Several Michigan music festivals have canceled summer events for the second year in a row. But others will move ahead in 2021, barring a virus resurge. The lowdown on the state’s festival season at Local Spins.
The 2021 music festival season in Michigan has shaped up as a mixed bag: Some summer events already have canceled for the second year in a row, other festivals are moving full steam ahead with ticket sales, and still others remain in limbo.
Support our coverage of
West Michigan's music scene
With the year-long COVID pandemic continuing to muddy the waters for touring artists and festival organizers, the roster of Michigan music festivals seems to change weekly as previously scheduled events get canceled or postponed.
Potential capacity restrictions, difficulties in booking artists who haven’t committed to touring yet and other concerns have left many festivals looking ahead to 2022 or debating the merits of moving ahead as scheduled.
This week, “heartbroken” organizers of Mo Pop Festival (intended for July in Detroit), Camp Greensky (slated for early June in Wellston) and Nor-East’r Music & Art Festival (scheduled for mid-June in Mio) all announced cancellations, saying there’s just too much uncertainty to stage this year’s events.
“We were patient and hopeful that we could make some magic happen this June,” Camp Greensky announced on Facebook, “but it’s just not in the cards to present the festival we all know and love in the current circumstances.”
Mo Pop organizers declared on their website that “2021 is still too soon for a safe return” of the festival.
“As much as we want it to happen, after exhaustive efforts to deliver the event you’ve come to love – and many conversations with both artists and local officials – we feel that it is best to focus on the future.”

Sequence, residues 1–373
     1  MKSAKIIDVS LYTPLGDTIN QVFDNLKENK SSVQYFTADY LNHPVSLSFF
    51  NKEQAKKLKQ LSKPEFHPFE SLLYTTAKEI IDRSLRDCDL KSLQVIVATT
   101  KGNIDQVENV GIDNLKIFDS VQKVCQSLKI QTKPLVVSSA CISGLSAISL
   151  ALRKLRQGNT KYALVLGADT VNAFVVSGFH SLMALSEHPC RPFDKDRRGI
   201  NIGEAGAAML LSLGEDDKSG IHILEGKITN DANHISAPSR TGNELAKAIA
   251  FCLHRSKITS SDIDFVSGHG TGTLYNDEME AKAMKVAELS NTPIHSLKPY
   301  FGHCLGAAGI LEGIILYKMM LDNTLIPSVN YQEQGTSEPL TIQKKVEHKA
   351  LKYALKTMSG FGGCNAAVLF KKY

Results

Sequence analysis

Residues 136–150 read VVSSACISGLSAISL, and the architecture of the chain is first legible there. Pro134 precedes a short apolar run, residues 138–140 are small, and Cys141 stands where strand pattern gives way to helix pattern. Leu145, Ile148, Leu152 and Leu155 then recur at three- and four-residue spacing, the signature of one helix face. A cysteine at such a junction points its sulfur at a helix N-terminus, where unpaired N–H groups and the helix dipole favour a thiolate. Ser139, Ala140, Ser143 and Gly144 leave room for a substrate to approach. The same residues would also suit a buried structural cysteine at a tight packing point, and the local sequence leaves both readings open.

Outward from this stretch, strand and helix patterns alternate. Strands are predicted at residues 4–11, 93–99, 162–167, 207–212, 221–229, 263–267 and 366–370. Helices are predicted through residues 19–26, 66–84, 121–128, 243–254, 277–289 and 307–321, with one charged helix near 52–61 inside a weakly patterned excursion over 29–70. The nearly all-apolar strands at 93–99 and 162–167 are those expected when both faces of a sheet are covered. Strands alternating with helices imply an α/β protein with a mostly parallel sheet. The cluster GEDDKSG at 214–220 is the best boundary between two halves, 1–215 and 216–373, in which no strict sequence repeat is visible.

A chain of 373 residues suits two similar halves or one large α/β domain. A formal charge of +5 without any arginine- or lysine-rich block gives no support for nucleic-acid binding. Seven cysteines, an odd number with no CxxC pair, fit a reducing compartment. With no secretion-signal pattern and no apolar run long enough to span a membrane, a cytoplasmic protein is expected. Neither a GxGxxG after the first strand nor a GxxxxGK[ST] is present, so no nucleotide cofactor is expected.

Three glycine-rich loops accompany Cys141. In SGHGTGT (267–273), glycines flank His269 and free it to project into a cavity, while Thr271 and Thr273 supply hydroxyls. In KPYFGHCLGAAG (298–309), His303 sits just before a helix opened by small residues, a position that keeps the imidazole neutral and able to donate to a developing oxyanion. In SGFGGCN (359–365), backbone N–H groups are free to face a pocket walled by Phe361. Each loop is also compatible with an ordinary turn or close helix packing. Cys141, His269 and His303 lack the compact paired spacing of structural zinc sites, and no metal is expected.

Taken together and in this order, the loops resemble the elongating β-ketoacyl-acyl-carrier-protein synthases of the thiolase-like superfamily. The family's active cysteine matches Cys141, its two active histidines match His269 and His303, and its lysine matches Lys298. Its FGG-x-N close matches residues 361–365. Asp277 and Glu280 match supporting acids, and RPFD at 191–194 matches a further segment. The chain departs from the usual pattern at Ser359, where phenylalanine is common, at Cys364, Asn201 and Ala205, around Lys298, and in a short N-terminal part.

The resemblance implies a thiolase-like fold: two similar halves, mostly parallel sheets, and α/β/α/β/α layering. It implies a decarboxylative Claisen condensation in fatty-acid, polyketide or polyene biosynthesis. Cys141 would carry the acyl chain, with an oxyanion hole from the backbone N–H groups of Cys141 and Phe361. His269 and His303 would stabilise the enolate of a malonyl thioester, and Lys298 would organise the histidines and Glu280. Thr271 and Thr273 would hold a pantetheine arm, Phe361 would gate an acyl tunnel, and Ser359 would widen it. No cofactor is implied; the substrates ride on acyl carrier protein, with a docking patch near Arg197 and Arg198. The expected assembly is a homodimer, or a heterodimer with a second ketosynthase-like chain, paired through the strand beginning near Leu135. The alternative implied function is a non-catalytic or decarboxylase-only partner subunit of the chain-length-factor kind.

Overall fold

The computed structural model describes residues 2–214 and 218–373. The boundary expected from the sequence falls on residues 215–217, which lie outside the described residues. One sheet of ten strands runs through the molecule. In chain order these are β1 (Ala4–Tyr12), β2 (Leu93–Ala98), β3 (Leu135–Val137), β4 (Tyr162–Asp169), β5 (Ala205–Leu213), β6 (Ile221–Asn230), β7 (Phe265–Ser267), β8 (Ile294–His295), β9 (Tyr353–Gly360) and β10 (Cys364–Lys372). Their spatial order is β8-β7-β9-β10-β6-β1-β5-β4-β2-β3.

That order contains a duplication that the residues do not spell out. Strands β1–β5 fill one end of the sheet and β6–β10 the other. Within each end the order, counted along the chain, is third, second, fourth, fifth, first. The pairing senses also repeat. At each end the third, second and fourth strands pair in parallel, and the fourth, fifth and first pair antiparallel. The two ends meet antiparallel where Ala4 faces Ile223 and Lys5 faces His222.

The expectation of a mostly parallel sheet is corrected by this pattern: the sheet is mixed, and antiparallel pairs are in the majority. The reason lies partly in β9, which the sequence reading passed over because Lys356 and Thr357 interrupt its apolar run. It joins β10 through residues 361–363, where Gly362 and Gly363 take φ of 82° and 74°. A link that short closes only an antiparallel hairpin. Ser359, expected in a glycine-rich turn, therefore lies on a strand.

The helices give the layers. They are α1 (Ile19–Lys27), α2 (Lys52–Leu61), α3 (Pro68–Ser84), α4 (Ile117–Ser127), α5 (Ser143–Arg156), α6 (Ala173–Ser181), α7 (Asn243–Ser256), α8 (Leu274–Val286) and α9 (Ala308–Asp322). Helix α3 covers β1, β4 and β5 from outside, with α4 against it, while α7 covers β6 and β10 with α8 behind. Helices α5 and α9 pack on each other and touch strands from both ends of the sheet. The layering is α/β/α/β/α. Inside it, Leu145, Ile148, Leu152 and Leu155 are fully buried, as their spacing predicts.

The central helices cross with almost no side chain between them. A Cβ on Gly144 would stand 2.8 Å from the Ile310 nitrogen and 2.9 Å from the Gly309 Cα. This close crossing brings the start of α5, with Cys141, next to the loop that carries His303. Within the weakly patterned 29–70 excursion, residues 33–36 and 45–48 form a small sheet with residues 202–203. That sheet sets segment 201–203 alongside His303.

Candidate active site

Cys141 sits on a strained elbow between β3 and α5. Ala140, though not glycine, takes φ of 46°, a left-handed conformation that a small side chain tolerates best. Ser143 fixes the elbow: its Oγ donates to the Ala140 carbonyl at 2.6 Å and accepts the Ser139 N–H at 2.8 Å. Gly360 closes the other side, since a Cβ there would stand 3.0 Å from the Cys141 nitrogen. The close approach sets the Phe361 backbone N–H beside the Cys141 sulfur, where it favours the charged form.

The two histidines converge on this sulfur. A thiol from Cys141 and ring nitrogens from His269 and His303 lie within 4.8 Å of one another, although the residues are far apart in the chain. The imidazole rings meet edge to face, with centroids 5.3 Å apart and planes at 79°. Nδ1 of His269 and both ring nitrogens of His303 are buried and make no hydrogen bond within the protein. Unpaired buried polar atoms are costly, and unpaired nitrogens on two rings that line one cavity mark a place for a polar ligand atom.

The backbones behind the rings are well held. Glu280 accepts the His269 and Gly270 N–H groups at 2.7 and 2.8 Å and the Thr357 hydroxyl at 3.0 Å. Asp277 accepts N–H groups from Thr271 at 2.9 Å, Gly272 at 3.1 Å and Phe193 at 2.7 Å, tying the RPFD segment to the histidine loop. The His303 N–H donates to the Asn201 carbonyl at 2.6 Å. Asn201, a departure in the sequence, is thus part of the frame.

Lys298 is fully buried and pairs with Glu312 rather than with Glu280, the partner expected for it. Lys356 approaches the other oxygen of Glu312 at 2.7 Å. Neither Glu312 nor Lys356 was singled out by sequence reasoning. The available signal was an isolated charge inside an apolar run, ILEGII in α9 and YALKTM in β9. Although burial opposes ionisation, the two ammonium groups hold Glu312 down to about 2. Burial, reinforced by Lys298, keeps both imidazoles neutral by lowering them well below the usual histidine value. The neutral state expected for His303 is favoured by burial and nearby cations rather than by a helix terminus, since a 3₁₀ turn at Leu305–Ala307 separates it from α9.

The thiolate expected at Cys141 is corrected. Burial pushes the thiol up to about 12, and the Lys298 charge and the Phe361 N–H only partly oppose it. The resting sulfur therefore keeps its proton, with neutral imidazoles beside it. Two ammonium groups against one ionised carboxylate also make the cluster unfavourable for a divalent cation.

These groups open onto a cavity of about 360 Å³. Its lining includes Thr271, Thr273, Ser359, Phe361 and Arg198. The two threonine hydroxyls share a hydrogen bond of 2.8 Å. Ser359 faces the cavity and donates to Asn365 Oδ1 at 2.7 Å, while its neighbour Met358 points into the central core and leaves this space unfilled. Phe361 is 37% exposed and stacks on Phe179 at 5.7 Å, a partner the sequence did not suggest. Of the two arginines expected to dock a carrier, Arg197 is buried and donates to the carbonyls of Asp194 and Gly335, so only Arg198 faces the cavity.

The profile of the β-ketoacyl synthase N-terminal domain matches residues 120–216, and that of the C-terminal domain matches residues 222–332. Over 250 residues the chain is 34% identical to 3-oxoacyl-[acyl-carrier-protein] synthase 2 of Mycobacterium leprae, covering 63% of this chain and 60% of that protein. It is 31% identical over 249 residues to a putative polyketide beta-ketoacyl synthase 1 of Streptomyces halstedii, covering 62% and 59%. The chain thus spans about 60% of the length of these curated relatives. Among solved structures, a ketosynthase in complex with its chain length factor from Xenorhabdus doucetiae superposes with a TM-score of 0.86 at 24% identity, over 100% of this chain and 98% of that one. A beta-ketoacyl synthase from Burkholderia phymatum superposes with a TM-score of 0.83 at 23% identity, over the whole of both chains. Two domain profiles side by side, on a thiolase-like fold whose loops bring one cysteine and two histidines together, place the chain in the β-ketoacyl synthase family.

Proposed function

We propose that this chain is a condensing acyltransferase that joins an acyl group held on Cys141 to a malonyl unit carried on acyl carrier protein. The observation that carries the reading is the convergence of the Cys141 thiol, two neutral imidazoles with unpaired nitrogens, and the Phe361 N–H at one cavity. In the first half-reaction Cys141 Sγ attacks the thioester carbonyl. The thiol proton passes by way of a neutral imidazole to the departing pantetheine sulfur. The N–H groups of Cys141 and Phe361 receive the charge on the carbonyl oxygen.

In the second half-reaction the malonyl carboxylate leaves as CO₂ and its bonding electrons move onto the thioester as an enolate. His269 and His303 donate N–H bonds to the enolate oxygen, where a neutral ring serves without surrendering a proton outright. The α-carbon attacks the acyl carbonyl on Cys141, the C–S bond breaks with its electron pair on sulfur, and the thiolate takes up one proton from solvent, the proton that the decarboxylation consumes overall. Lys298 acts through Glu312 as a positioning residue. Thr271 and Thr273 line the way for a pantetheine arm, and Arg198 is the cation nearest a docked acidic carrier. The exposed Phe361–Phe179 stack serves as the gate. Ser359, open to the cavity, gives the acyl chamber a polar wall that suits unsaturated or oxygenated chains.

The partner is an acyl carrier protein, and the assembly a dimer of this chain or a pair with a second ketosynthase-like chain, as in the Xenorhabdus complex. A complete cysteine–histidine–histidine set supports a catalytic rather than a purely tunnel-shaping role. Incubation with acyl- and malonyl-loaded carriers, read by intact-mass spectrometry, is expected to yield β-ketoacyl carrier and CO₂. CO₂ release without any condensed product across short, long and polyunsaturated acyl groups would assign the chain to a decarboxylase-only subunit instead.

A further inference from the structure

Nor-East’r said canceling due to COVID for the second year in a row “absolutely breaks our hearts … but rest assured, we will be back in full force in 2022.”
Previously, Grand Rapids’ Festival of the Arts announced that its usual three-day event wouldn’t take place in early June, replaced instead by acoustic solo performances as part of a new event titled “Plein Air.”
On the flip side, several festivals have announced plans to move forward, with some even announcing lineups.
That includes two large Christian music festivals: Big Ticket Festival held July 9-11 in Gaylord (with Cory Asbury, Danny Gokey, Zach Williams and more) and Unity Christian Music Festival held Aug. 11-14 at Muskegon’s Heritage Landing (with King & Country, TobyMac, Matthew West and We the Messengers).
ARE REFUNDS POSSIBLE WHEN FESTIVALS GET CANCELED?
What’s not so clear is how some festivals might handle refunds if cancellations take place again. Last year, many festivals encouraged ticket buyers to hold onto their passes for use in 2021.
Big Ticket Festival’s decision to cancel last year’s event sparked complaints from some ticket buyers whose requests for refunds were ignored. The state Attorney General’s office told Local Spins that it received two complaints about the festival but “the venue has not responded to our request.”